Beauséjour New Brunswick

Liberal

Dominic LeBlanc LiberalParliamentary Secretary to the Leader of the Government in the House of Commons

Mr. Speaker, I am happy to table, in both official languages, the government's response to eight petitions.

Interparliamentary DelegationsRoutine Proceedings

3 p.m.

Liberal

Sarmite Bulte Liberal Parkdale—High Park, ON

Mr. Speaker, pursuant to Standing Order 34, I have the honour to present to the House reports from the Canadian branch of the Commonwealth Parliamentary Association concerning three events: first, the bilateral visit to the Falkland Islands from January 15 to 22; second, a report on the seminar on corruption, human rights and party politics, which was held in London, United Kingdom from January 23 to 29; and third, the 17th CPA seminar report which was held in Cape Town, Republic of South Africa from May 29 to June 4.

PetitionsRoutine Proceedings

3:05 p.m.

Bloc

Richard Marceau Bloc Charlesbourg, QC

Mr. Speaker, I am pleased to table two petitions today. The first one is an initiative from workers in the shoe industry, in my riding. They strongly ask the government to create a POWA to help their fellow citizens who work in soft sectors of the economy and who too often pay the price for globalization and lose their job at an age where they are too old to get new training and find a job. This first petition, which is signed by about 1,000 people, follows the initiative of workers in the shoe sector in my riding, whom I want to congratulate.

PetitionsRoutine Proceedings

October 17th, 2005 / 3:05 p.m.

Bloc

Richard Marceau Bloc Charlesbourg, QC

Mr. Speaker, my second petition also comes from my riding. It asks the Government of Canada, and particularly Canada Post, not to proceed with the closure of the sorting station in Quebec City, because it is an essential station and its closure will lead to the loss of well paying jobs in the Quebec City area.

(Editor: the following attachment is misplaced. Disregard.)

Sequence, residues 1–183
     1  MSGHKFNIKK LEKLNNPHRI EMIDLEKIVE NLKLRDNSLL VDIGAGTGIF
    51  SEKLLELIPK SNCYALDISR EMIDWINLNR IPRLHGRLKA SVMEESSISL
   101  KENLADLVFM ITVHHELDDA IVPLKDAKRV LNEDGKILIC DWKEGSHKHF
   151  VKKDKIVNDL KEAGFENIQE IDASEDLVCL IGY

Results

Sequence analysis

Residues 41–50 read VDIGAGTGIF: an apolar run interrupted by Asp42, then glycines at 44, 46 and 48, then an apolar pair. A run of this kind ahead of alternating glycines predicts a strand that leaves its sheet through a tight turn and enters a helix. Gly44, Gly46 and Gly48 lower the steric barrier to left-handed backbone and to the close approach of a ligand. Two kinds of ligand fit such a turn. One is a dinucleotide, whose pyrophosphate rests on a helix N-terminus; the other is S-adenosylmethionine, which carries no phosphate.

This shows once again the lack of interest of this government for the national capital region of Quebec. This petition is thus used as a pressure tactic against the closure of this sorting station.

PetitionsRoutine Proceedings

3:05 p.m.

Conservative

Gurmant Grewal Conservative Newton—North Delta, BC

Mr. Speaker, I am pleased to rise today on behalf of the constituents of Newton—North Delta to present a petition. The petitioners call upon Parliament to pass legislation to recognize the institution of marriage in federal law as being a lifelong union of one man and one woman to the exclusion of all others.

The petition is signed by over 1,000 people from Newton—North Delta and the neighbouring ridings.

PetitionsRoutine Proceedings

3:05 p.m.

Liberal

Nancy Karetak-Lindell Liberal Nunavut, NU

Mr. Speaker, I would like to present a petition from my riding of Nunavut asking that the Government of Canada help protect the future of public broadcasting in Canada. It was signed by many people in Nunavut.

PetitionsRoutine Proceedings

3:05 p.m.

Conservative

Jay Hill Conservative Prince George—Peace River, BC

Mr. Speaker, as I have been doing at virtually every opportunity over the last number of weeks since Parliament reconvened this fall, it is my pleasure to present yet another petition, this one signed by residents of Nepean and Orléans, Ottawa, Port Colborne, Welland and Grimsby, Ontario and points west as well.

The petitioners wish to draw to the attention of the House that on average 2,000 children are adopted from other countries and are brought to Canada by Canadian families who welcome them into their lives.

Whereas biological children of Canadian citizens born abroad receive automatic Canadian citizenship at birth and other countries as well provide this for foreign adoptees, they call upon Parliament to immediately enact legislation to grant automatic citizenship to minors adopted from other countries by Canadian citizens, with citizenship being immediately granted upon the finalization of the adoption.

PetitionsRoutine Proceedings

3:05 p.m.

Liberal

Borys Wrzesnewskyj Liberal Etobicoke Centre, ON

Mr. Speaker, pursuant to Standing Order 36 I have the pleasure to present a petition signed by 30 people from my riding of Etobicoke Centre.

In recognition of the 100th anniversary of the Polish Alliance of Canada in 2007 and the contribution of Polish Canadians to the building of our great country, the petitioners pray and request that Parliament encourage Canada Post Corporation to issue a commemorative stamp on the organization's 100th anniversary in December 2007.